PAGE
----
Assistant Professor Yan Wang of the Department of Mechanical Engineering has received a CAREER award to advance research to more fully understand phonon wave behaviors, contribute to strategies to better control heat transfer at the nano- and micro-scales and ultimately expand heat transfer limits.
The ability to push heat transfer has wide-ranging implications. Wang shared the example of maximizing heat dissipation in modern devices such as computers or cell phones which will enable better cooling of these devices, thus extending their lifetime and improve their performance.
The CAREER awards are presented through the early-career development program of the National Science Foundation (NSF). Wang’s project, supported by a $512,108 grant, will expand and diversify the research in his Nano-Thermal-Mechanical Engineering lab, which currently has three ongoing NSF projects tackling different aspects of laser manufacturing, a project supported by the American Chemical Society Petroleum Research Fund on thermal transport in clathrate hydrates, and a project supported by the Nuclear Regulatory Commission on thermoelectric-powered thermal sensors.
Wang recently shared more about his research and its societal benefits, including how it is advancing current heat-transfer technologies and how its K-12 education and outreach activities may inspire younger generations to seek advanced degrees and get involved in the areas of thermal science and engineering.
What is the goal of your CAREER project?
Semiconductors are the “brains” of modern electronics, but the heat generated during operation of devices can degrade their performance or even damage them. Heat conduction in semiconductor crystals is dominated by collective atomic vibrations known as phonons, so we must fully understand the behavior of phonons to develop effective thermal engineering strategies. The research goal of this project is to understand the wave nature of phonons through quantum-mechanical methods and atomistic modeling. Furthermore, novel strategies leveraging wave interference and transmission will be developed to achieve better control of heat transfer at the nano- and micro-scales. The education goal of this project is to develop K-12 educational programs, new undergraduate/graduate-level course modules (my ME314 and ME414/614 heat transfer classes), and online tutorials and interactive simulation tools, all under the overarching theme of understanding wave behaviors in nature.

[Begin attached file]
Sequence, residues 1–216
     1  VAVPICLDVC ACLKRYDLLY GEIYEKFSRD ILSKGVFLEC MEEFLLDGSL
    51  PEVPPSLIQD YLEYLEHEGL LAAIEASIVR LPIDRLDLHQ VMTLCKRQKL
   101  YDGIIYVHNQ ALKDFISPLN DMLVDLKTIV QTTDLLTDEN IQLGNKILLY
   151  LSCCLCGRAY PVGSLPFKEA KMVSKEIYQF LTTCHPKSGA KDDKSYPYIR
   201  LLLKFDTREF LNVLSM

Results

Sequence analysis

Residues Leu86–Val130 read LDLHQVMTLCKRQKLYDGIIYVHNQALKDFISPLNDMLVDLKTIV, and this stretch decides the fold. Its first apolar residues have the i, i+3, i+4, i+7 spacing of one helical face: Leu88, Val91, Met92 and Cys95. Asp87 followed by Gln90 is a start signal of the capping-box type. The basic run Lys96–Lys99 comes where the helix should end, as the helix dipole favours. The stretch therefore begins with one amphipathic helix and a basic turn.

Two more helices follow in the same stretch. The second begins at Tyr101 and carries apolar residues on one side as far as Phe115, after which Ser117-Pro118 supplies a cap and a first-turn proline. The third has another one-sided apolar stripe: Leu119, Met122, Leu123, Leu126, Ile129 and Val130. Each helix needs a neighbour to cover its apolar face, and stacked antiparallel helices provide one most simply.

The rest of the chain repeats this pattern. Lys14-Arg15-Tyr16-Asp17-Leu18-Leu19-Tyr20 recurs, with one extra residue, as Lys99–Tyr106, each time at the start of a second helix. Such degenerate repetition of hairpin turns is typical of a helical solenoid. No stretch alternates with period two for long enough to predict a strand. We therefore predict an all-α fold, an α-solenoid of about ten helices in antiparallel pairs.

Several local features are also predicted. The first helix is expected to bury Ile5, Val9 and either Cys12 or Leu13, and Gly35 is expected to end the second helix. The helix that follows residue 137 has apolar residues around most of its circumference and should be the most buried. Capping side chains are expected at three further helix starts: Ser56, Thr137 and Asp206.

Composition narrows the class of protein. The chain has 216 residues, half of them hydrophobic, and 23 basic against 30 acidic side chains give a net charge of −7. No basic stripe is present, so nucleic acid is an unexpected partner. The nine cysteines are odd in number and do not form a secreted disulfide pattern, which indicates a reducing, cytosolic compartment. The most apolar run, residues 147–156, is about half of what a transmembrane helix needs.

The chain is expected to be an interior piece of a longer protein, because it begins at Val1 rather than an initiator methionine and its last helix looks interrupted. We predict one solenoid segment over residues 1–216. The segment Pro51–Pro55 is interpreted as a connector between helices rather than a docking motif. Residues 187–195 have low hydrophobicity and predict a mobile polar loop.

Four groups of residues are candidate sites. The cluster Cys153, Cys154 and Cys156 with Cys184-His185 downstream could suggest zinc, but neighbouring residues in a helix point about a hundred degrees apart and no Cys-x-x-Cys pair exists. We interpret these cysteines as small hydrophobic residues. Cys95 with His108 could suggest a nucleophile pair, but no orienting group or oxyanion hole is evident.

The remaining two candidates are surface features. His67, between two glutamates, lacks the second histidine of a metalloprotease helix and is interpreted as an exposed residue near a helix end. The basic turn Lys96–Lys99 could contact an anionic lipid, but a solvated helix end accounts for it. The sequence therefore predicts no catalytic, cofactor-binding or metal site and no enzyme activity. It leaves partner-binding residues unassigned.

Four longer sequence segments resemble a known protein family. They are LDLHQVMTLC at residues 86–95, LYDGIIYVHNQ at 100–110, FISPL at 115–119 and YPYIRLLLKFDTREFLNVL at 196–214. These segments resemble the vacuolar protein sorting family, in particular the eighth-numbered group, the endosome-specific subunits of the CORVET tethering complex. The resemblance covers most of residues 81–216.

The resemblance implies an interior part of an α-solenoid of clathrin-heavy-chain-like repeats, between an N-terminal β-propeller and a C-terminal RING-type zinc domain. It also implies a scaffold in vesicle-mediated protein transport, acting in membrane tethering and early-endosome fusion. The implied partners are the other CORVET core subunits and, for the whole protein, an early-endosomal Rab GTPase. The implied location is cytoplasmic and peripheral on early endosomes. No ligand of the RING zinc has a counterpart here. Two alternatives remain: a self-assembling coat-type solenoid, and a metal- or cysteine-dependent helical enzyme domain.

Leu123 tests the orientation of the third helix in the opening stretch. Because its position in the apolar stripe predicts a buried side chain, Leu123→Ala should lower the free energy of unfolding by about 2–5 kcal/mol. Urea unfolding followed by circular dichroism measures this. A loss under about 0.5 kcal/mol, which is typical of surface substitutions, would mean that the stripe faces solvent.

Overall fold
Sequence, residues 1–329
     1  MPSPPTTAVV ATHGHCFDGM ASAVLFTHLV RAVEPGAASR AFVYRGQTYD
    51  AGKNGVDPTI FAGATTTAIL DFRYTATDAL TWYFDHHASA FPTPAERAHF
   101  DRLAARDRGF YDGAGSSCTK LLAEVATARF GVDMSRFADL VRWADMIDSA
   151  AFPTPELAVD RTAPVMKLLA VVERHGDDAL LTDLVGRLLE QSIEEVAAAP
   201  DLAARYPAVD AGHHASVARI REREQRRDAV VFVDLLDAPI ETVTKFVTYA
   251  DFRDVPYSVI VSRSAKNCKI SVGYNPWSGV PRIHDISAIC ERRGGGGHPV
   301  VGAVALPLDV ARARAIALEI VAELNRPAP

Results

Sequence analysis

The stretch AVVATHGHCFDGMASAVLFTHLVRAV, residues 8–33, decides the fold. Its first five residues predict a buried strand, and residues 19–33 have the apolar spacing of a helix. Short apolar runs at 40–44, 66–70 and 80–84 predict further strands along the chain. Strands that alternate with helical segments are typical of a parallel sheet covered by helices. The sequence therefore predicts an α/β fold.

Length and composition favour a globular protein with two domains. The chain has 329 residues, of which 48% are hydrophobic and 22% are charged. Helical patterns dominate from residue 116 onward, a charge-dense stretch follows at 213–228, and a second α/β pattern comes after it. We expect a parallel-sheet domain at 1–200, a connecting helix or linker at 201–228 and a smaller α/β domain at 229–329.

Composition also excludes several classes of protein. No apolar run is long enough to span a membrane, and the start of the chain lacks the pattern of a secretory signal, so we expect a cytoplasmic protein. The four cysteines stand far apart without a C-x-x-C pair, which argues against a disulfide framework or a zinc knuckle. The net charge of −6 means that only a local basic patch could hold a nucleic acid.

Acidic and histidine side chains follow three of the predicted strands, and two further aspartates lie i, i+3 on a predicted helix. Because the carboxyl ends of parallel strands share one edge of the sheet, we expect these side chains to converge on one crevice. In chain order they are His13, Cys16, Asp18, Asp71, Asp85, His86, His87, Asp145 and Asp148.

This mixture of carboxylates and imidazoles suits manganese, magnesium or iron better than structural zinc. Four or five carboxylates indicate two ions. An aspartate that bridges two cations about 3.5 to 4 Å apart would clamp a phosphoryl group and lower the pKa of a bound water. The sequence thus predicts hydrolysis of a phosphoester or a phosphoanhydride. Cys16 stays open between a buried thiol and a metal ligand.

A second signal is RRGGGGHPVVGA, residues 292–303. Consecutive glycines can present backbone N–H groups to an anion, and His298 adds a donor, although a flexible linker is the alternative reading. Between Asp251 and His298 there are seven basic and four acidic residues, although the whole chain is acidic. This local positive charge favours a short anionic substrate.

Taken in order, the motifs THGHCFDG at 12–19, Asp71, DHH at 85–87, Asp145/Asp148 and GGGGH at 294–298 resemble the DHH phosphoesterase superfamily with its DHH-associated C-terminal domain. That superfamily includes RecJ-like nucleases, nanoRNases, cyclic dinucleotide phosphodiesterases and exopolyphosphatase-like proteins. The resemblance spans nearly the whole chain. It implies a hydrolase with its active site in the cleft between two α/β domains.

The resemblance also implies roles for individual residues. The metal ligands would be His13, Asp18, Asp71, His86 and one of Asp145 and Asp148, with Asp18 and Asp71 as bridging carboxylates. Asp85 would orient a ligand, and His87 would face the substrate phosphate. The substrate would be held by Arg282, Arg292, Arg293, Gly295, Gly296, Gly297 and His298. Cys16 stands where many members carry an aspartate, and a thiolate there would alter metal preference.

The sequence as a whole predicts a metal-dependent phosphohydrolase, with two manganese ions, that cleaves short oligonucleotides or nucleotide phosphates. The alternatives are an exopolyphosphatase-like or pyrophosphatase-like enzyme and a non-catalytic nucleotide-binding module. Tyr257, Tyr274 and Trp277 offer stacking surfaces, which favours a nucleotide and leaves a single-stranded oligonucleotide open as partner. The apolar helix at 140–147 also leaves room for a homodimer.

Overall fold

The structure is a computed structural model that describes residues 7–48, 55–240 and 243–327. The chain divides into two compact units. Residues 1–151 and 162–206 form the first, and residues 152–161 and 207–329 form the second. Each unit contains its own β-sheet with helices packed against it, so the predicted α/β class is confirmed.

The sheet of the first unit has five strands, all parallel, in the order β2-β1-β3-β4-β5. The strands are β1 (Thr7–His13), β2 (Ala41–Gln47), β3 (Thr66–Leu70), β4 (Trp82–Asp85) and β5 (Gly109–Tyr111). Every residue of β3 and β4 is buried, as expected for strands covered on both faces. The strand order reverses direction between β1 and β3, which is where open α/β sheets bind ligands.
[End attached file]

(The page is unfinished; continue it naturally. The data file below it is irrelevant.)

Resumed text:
What impact will the project have on science and engineering?
This research will lead to novel engineering strategies to push heat transfer to the extremes. In the first scenario, we can maximize heat dissipation in modern devices like quantum cascade lasers and integrated circuits. This will enable better cooling of those devices, thus extending their lifetime and improve their performance (consider how slow our computers or cell phones can become when they get hot). In the other scenario, we can minimize heat conduction in thermoelectric materials (which can convert waste heat into electricity or be used for solid-state cooling) and thermal barriers (which protects critical components from overheating), of which the performance can benefit from improved thermal insulation.
What impact will the project have on society?
Heat transfer is a limiting factor in nanoscale engineering: if the finely tuned elements such as microchips or lasers get too hot or conduct heat uncontrollably, the devices will not function as intended. Thus, this research will directly benefit the semiconductor industry that always seeks improved cooling of critical components (e.g., CPUs, GPUs, RAMs, hard drives, etc.). Moreover, the K-12 education and outreach activities can motivate the younger generation to pursue advanced degrees and career in the STEM area, particularly in thermal science and engineering areas.
Anything else you'd like us to know?
- This project will extensively use the University's Pronghorn supercomputer (a high performance computing cluster co-located at Switch and part of the University’s Information Technology Cyberinfrastructure), which has nearly 4,000 CPU cores and more than 40 high-end NVIDIA GPUs.
- Our Nano-Thermal-Mechanical Engineering lab is actively recruiting undergraduate and graduate students who are passionate about thermal science, materials physics and electronic devices. Details can be found on the lab’s website.